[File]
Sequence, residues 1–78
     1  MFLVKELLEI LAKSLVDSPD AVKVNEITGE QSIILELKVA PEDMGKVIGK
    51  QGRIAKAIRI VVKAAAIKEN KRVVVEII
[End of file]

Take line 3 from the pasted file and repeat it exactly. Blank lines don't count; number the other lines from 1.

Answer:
    51  QGRIAKAIRI VVKAAAIKEN KRVVVEII